Forcing others to obey is the issue, not greed

Many of those occupying Wall Street and the City of London object to corporate greed. Yet greed is usually harmless.

For example, I may well be greedy. I would like to earn more despite already earning what many of the protesters would consider more than enough. But my greed is harmless because I cannot force people to give me their money; I must persuade them to part with it. And I can do that only by offering them something they want in return. Given my impotence, my greed is beneficial to others. It inspires me to come up with valuable things to offer them.

Continue reading at City A.M.

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5 replies on “Forcing others to obey is the issue, not greed”
  1. says: Simon Bennett

    “Sometimes companies do wield coercive power but, ironically, never in the free markets that anti-capitalists despise.”

    I don’t think these protesters are anti-capitalist they are anti-crony-capitalist. The system is rigged, that is clear for all to see. Bail outs of trillions of dollars for failed institutions has nothing to do with capitalism. The financial system is riddled with fraud yet no one has been prosecuted for it. Our monetary system is inherently dishonest (fractional reserve banking), which allows the few, through expansion of the money supply, to profit from the many who can do very little to protect themselves from this theft. This is why I believe there are protests.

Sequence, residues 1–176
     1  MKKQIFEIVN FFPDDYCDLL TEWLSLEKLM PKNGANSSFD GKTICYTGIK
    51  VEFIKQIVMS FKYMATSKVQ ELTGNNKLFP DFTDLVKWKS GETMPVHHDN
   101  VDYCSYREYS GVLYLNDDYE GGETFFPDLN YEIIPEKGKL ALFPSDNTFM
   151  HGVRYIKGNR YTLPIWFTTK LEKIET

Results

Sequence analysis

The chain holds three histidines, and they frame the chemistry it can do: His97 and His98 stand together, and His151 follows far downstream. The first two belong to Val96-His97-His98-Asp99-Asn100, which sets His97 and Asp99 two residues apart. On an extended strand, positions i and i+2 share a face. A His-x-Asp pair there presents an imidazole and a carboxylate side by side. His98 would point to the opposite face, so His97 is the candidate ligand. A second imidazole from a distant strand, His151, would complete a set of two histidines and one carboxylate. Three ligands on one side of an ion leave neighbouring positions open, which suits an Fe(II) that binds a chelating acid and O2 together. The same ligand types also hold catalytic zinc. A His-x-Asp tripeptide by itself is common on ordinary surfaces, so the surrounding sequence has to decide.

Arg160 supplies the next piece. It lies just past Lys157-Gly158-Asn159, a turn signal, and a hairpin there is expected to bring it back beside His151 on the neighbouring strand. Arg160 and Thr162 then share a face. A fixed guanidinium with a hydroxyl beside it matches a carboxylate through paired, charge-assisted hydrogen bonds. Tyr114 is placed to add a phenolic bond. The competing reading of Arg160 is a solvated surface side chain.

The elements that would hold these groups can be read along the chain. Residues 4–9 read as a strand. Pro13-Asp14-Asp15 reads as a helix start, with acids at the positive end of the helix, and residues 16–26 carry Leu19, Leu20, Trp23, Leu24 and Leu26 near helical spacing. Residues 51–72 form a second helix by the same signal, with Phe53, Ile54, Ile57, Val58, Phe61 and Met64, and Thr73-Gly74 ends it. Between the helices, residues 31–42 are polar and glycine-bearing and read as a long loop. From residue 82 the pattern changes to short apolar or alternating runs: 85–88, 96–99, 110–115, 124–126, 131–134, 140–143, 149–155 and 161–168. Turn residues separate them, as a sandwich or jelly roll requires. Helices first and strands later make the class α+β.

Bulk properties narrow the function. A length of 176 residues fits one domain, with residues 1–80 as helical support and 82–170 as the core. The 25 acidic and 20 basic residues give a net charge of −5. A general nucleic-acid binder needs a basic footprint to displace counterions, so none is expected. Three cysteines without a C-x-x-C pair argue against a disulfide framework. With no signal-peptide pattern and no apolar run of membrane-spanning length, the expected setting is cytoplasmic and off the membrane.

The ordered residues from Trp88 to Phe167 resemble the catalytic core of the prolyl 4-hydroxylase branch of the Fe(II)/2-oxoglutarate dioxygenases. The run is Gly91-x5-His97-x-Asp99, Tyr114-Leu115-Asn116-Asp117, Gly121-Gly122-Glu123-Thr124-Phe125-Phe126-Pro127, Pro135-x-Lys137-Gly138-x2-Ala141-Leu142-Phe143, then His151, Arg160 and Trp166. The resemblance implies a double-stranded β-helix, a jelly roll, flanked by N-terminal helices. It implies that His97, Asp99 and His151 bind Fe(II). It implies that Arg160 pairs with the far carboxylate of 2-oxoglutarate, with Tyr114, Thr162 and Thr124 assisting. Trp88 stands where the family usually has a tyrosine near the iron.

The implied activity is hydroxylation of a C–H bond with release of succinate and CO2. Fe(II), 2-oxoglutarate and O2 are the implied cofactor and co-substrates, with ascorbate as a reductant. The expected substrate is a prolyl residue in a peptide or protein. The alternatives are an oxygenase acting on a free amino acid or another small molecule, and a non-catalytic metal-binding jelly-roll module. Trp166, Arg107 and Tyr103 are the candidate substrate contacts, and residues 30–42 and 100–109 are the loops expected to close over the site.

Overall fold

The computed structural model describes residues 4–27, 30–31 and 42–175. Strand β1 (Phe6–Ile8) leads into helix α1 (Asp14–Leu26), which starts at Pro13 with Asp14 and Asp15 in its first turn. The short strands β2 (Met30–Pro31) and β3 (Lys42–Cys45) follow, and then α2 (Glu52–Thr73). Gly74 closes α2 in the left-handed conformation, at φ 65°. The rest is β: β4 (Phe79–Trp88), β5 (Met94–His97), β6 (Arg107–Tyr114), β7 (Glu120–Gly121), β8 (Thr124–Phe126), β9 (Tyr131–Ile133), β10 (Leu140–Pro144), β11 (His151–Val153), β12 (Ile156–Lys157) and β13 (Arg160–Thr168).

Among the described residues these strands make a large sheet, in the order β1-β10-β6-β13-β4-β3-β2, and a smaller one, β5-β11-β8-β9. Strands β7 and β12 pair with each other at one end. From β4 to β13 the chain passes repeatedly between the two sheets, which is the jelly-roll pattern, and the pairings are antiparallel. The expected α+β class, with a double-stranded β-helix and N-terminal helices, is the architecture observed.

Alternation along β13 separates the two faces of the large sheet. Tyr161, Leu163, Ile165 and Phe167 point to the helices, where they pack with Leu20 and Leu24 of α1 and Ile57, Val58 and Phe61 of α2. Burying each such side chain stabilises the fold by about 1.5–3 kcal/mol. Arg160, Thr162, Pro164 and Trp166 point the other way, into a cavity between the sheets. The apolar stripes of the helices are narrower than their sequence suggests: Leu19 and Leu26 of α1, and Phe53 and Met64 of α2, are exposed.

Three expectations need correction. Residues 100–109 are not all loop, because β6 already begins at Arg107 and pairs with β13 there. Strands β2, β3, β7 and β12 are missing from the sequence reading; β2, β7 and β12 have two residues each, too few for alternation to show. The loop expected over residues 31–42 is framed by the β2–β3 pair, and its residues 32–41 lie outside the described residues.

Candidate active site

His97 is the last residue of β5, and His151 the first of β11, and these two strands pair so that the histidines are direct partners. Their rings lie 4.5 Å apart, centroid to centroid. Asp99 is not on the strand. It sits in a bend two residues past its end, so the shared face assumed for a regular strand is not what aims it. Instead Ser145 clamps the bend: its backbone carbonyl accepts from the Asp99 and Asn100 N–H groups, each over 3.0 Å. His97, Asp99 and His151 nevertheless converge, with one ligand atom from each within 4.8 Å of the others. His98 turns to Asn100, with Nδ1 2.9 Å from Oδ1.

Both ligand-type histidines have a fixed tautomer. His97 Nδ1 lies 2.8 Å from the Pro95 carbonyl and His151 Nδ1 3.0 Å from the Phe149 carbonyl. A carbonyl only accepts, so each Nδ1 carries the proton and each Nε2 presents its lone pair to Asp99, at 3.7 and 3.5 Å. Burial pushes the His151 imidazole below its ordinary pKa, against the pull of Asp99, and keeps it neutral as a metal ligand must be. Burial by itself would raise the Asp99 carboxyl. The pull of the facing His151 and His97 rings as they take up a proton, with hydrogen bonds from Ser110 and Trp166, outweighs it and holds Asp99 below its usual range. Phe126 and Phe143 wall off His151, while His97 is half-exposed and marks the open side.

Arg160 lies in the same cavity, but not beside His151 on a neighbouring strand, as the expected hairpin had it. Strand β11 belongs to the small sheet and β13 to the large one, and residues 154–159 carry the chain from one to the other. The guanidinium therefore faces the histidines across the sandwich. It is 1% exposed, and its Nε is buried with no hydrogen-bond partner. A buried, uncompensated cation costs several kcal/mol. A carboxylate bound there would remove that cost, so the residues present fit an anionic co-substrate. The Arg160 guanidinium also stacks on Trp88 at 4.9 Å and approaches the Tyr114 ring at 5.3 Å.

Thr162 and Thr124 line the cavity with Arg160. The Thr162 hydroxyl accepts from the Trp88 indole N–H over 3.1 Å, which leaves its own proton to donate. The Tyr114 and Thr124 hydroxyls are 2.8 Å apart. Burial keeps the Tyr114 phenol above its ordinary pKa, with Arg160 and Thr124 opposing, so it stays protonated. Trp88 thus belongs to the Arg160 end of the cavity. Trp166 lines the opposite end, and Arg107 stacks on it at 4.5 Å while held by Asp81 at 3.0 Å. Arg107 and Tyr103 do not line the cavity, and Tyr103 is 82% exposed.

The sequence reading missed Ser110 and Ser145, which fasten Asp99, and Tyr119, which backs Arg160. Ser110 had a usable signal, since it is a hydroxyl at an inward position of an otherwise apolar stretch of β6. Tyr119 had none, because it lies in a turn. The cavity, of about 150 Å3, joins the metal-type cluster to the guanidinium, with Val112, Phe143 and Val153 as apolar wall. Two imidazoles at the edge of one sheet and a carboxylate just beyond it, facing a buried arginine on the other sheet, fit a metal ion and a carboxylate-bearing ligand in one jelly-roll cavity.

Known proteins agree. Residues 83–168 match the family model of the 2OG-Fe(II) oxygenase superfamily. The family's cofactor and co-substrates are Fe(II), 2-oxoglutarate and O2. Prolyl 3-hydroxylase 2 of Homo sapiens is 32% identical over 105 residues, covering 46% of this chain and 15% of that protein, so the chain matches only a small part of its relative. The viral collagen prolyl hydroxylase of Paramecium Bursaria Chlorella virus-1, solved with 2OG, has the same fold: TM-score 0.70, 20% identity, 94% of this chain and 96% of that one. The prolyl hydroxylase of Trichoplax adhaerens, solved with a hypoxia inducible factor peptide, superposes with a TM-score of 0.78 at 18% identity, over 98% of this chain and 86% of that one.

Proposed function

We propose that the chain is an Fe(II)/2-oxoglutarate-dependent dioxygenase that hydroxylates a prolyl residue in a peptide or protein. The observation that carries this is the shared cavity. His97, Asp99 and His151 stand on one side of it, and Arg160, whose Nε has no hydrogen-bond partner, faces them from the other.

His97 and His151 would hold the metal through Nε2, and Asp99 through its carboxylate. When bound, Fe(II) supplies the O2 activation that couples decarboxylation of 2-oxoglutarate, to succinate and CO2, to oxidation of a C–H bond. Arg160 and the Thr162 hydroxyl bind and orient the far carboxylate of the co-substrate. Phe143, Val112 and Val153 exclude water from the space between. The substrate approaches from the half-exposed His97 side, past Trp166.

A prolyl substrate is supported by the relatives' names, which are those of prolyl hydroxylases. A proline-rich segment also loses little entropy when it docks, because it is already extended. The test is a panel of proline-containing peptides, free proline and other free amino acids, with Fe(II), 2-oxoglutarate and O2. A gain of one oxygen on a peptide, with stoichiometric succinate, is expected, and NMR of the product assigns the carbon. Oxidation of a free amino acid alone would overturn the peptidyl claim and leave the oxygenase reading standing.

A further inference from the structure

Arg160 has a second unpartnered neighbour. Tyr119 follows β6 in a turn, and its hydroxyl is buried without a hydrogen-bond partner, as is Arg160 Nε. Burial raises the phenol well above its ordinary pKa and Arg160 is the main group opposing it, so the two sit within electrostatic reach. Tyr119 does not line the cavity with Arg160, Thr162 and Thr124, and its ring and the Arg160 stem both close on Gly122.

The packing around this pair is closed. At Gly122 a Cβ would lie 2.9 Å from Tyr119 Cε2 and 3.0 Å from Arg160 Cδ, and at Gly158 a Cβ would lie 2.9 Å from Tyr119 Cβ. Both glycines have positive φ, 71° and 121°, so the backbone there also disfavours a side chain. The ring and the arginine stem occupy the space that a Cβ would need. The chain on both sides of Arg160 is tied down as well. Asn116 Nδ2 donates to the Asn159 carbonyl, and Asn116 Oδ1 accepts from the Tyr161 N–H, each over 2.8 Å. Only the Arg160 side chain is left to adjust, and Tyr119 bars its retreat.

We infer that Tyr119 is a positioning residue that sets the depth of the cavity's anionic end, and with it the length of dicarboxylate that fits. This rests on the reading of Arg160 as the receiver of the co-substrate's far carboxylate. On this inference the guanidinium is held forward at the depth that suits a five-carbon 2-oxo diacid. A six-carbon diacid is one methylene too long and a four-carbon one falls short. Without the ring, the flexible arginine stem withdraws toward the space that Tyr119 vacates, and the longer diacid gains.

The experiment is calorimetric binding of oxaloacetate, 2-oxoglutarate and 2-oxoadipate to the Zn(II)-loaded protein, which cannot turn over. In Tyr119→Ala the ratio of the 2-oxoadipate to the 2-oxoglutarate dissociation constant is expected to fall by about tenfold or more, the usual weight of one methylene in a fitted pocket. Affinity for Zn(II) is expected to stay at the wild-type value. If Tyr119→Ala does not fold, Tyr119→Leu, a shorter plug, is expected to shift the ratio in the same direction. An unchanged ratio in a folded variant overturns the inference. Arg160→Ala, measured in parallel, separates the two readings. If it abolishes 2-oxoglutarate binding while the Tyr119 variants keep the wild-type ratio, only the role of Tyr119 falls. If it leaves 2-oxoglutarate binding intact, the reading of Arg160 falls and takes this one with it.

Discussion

I believe in capitalism, but I see little evidence of capitalism in our current system. True capitalism has honest money at its heart. We need to dismantle central banks, ban fractional reserve banking, reinstate gold as money and allow banks to fail when they make unwise decisions. Only in this way can we re-establish a capitalist system, and only then can you legitimately accuse OWS protesters of being anti-capitalist.

  2. says: John B

    Capitalism in an abstract noun – it is a thing. It cannot think, speak, be honest or dishonest, engage in cronyism, be greedy and so on. People dot hose things.

    Free market capitalism is an expression for the distillation of the Human condition: to profit from one’s endeavours; to gain materially; to create and accumulate wealth; invest excess wealth for profit; to risk wealth; to advance; etc.

    As the sum of the Human condition it contains all its vices as well as its virtues.

    The notion that Capitalism, like much else in life, can be some pure, “honest”, saintly, virtuous thing is not to understand Humanity.

    There is no perfect Human state.

    Society too is an amalgam of the Human condition, yet in it we have murderers, robbers, rapists, dishonesty and other undesirables, should we then say we do not have real, “honest” society and have anti-society protests?

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